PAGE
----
Everyone has a bad hair day.

Through a quirk of heredity (and several thousand years of Jewish in-breeding) I was doomed to a bad hair life.

It started hopefully enough. I was born bald. But soon, little spirals appeared, which quickly sprouted into Brillo. "I can't get a comb through it," chirped Mom-the-optimist. With visions of an aging Shirley Temple dancing in her head, she thought those coils could qualify me to sing On the Good Ship, Lollypop. But finally even she had to face it. Without the voice, the face, the talent, Shirley would've been just another kid with kink. In other words, me.

Through a quirk of heredity I was doomed to a bad hair life

In the 1920's, excessive curl was "allowed."

Given my mazel, I grew up in the fifties, where I'm sure the infamous "blacklisting" extended to any person "reported" to having a hint of "kink."

High school was worse. Any human who couldn't torture her hair into bangs and a bubble was relegated to "Jimmy-the-geek's" table in the lunchroom. I spent three years choking down my tuna next to one kid whose nose was like the Trevi fountain, two mouth dribblers, and five other similarly hair-challenged sisters: Marci and Miriam Cohen, Shana Marcus, Angela Palmieri, and Tawanda Washington. The school told us we needed two more to start a support "club."

So, I gathered up my pluck and tried. No. I mean I really really tried. If I add it up, I spent more time "trying" than I spent finding a husband, building a career, and working for world peace. I went through more gelt, and used more "weapons" in the Holy Hair War than the U.S. spent seeking WMDs.

I used way more effort "training" my locks, than training my brain. Was this to be my life's work?

GUIDANCE COUNSELOR: "So Marnie, in planning colleges, what job do you see yourself doing in five years?"
ME: "Umm ... Hair De-frizzer?"

Every week, my poor father asked me the same two questions. "What did you do this week in school?" and "What did you do with my toothpaste?!"

"Uh ... the fridge, daddy," I'd say. Why?

Because every week our medicine cabinet was exploding with yet new "stuff" -- "Frizz Zapper" "Out Curl Out!," "Tough On Tangles," "Fifty Minute Manager" and "Miracle Cure" containing ingredients like yak urine and rhinoceros placenta--not to mention blow dryers capable of hurling Toto back to Oz.

I went to hairdressers who clucked, gave me diagnoses that would make Dr. Kevorkian shudder, then lopped (or "layered") my tresses like a tumor, murmuring words like "hopeless," and "last resort."

I ripped-off empty beer cans from trash bins to use as rollers, ironed my locks ("cotton: high"), slept with enough barbed wire to keep illegal aliens from slipping through the entire Canadian border, applied chemicals, perfect for warfare (which caused half my frizz to decorate my sheets), and single-handedly turned the World of Wigs into a Fortune 500 company.

Until the barometer climbed to "five" and, like wayward macaroni "soldiers," my strands would break training, revolt, and go "Boing!"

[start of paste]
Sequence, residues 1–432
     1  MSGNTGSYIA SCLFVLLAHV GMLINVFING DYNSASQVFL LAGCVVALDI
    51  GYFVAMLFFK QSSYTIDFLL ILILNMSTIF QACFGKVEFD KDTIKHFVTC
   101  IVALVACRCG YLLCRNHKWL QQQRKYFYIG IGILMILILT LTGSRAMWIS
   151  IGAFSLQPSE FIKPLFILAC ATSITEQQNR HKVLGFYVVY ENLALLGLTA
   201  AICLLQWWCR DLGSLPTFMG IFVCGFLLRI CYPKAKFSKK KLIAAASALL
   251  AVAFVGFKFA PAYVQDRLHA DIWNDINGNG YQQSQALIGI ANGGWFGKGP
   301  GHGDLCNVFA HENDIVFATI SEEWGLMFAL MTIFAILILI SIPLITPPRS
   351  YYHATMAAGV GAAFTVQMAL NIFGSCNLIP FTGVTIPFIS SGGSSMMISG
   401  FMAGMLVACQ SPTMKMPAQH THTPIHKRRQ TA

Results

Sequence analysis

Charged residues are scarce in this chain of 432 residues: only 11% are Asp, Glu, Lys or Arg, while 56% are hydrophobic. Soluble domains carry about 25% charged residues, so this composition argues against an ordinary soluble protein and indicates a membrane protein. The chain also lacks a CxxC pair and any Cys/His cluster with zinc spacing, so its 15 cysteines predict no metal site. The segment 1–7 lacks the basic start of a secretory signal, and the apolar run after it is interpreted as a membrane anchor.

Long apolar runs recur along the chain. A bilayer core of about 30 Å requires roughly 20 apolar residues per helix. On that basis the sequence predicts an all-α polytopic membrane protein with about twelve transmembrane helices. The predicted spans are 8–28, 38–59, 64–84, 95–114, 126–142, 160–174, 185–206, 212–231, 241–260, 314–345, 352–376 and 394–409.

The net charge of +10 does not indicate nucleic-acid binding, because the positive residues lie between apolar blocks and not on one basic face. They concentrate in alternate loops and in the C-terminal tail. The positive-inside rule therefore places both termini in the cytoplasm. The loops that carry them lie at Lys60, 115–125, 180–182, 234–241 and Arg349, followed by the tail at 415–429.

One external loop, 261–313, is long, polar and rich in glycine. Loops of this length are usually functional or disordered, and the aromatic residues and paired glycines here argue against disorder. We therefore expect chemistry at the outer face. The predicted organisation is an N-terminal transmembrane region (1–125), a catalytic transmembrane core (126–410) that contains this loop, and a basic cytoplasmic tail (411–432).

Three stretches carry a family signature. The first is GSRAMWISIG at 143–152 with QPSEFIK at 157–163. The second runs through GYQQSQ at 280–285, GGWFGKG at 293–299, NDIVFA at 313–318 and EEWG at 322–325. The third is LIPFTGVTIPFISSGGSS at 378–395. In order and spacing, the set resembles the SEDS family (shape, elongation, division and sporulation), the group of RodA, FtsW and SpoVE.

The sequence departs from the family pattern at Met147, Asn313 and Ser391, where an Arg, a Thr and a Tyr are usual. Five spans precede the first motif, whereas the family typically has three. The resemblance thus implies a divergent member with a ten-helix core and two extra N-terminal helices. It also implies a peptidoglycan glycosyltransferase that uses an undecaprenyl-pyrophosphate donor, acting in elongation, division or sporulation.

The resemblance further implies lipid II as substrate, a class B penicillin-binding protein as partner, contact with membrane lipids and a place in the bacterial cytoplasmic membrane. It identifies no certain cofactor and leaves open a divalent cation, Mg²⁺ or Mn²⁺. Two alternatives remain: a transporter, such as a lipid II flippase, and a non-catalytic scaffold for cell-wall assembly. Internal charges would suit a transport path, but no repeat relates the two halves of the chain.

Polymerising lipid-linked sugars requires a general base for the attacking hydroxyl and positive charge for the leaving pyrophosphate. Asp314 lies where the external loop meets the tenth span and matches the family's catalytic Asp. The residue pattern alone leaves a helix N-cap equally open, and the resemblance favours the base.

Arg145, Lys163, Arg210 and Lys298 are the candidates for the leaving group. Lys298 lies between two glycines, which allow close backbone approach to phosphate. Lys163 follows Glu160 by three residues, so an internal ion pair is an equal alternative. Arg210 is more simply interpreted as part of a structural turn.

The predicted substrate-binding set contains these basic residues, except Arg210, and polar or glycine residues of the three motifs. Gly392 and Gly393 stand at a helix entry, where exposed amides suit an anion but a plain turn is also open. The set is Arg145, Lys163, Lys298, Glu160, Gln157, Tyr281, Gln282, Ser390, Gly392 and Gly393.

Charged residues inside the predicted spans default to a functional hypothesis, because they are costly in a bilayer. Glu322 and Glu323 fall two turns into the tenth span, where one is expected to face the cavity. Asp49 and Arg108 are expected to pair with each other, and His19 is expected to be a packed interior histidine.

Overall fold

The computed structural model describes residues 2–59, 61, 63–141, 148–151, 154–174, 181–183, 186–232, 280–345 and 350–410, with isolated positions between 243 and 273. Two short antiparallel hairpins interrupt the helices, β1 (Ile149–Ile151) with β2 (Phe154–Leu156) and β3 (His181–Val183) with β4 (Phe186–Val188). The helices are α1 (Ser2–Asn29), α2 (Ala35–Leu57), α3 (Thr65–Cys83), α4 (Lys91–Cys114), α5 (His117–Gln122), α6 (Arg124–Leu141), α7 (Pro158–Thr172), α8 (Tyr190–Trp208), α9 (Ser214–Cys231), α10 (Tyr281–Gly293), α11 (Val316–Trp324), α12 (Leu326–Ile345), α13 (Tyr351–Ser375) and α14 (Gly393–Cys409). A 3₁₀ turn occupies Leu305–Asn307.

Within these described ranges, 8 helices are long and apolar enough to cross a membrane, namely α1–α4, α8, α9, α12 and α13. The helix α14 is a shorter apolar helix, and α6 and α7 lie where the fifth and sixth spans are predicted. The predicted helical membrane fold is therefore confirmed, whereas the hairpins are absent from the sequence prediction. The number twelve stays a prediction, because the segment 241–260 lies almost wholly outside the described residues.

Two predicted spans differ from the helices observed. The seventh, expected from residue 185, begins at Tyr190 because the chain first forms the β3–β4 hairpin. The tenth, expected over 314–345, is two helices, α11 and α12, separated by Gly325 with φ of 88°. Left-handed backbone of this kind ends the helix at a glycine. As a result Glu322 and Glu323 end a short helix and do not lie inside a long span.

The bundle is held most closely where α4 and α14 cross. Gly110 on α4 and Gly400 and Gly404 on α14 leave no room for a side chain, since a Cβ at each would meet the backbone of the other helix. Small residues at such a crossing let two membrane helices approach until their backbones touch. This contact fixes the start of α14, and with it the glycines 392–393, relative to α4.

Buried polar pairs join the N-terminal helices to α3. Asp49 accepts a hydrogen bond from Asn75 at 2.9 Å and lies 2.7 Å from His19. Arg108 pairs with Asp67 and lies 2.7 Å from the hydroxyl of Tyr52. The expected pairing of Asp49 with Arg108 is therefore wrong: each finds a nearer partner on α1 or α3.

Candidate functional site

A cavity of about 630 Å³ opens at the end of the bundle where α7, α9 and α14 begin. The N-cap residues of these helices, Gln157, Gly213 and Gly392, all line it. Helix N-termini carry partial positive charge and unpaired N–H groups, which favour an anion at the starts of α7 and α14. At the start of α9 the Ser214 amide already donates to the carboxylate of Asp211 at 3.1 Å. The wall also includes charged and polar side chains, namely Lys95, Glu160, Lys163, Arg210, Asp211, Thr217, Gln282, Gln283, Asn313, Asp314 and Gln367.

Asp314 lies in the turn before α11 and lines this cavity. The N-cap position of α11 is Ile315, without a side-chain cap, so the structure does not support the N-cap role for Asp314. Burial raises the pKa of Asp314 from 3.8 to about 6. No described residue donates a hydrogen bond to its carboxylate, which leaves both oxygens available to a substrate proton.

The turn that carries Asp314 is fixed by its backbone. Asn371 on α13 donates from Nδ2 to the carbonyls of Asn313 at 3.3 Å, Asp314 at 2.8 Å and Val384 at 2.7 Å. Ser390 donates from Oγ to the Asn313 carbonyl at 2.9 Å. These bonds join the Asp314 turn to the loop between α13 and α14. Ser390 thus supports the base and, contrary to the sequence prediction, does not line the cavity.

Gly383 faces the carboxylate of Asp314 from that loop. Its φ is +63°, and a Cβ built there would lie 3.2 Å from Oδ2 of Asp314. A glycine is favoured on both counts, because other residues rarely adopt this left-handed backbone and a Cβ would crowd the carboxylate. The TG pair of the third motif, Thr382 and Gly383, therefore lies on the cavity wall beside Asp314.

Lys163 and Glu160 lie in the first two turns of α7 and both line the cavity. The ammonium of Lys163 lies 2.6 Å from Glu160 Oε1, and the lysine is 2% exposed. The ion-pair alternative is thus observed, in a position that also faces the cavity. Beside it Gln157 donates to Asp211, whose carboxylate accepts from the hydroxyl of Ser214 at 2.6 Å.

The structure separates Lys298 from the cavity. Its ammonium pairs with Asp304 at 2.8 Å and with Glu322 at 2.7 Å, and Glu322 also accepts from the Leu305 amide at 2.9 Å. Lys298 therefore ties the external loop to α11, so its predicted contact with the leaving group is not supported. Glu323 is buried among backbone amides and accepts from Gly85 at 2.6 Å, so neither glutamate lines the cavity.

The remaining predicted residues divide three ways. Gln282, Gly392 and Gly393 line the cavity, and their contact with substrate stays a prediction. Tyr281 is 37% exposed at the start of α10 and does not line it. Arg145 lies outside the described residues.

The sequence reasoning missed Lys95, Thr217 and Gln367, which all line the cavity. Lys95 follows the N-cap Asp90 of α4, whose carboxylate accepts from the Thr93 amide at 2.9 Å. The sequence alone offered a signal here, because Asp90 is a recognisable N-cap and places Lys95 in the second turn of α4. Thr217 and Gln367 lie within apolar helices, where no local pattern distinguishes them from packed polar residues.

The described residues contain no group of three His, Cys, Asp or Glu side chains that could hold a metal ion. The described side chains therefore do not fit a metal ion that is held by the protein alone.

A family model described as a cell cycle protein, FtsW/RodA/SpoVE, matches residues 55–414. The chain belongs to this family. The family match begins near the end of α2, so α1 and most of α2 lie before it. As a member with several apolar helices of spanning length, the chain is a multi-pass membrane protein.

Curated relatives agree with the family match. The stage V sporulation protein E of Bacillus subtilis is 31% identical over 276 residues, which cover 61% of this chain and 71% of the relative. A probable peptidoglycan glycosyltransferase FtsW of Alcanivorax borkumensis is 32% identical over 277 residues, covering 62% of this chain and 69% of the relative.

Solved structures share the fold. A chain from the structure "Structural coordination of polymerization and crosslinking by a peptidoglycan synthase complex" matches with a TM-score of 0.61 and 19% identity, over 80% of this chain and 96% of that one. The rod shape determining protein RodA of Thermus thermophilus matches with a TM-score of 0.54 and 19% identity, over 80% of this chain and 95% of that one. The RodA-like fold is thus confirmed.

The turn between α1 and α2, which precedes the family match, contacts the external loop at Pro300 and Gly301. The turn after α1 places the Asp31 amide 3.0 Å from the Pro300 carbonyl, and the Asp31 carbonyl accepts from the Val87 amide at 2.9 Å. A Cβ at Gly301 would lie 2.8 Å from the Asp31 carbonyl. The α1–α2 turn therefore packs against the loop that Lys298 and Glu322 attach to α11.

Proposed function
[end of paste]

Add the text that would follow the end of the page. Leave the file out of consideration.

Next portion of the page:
Ah! But then came the glorious sixties and seventies!

But then came the glorious sixties and seventies!

We wore love beads, cried "Peace!" and we "corkscrew kids" marched with our African-American sisters and signed treaties with our tresses. Free at last!

Suddenly, my evil "Frizz" became the fashion. And it even had a name - A Jewfro!

Oh, the joy when our modern queen, Barbra, boinged back to "The Way (She) ‘Was'" at film's end,

My time had come! Hallelujah!

From "hair-challenged," I was "in," "trendy," "cool," And now, my old critics were saying in wonderment: "Is that natural ...?"

"Would I do this to myself on purpose?!" I replied, in shock. (Old neuroses die hard.)
"Do you know how lucky you are?" they added, launching into a blow-by-blow of all the fortunes and hours they spent on perms, hot rollers, "Curl Is Me" and "Limp No More" gels, mousses, and glop.
"Yes!" I thought. Now it's your turn to spray and shpritz! Your turn to get migraines from wiglets, and scalp burn that rivals Three Mile Island, so you can "look like everybody else!"

But, as with most things in life, the winds of change blew yet again.

Starting in the 1980s, mini skirts morphed back to sleek designer dresses, and Fros, to sleek designer tresses. (Even our Barbra went "straight.")

Well, I did have a 10-year ride, which, for us Jews, is a lifetime. What to do? Wait...I thought. Am I not the daughter of Sarah, Rebecca, Rachel, and Leah? Bold, Brave, and Courageous? A unique blend of matzoh and chutzpah?!

Had my 10-year reprieve taught me nothing? That my kink, gave me quirk? My frizz, zest? My "coils," confidence?

Should I not be like the wandering Jew (the plant ... and us)? A hardy bloom that thrives and grows in shade or sun, is sometimes out of bounds, but wildly colorful, with strong roots -- and "beautiful" with just a little trim?

That was it! I donated my glops, gels, pastes, and sheep intestines to medical science, recycled my 2,000 beer cans, shredded my wigs, and, along with my Mega curling irons and Mazi blowers, shipped them to a very cold third world nation.

Now I stand short, loud, frizzy, and proud, singing the sixties showstopper "I Gotta Be Me" that became a hit for (who else?) Sammy Davis Jr.

After a battle that's lasted a lifetime, my Jewfro and I are now one.

DISCLAIMER: The author wishes to state that the above is not meant to imply that all Jews have frizz, or that only Jews have frizz. Nor is it meant to perpetuate any "stereotypes" of the Jewish people, as some studies suggest there is no ethnic truth to the stereotype. (But go tell that to half the Jewish girls I know, not to mention, Adam Sandler, Seth Rogan, Howard Stern, Gene Wilder, and Albert Einstein

HOLIDAY ALERT: Consider Marnie Winston-Macauley's, A Little Joy, A Little Oy 2009 Calendar, and Yiddishe Mamas: The Truth About the Jewish Mother."
Both can be found in find bookstores, Amazon, and other online outlets.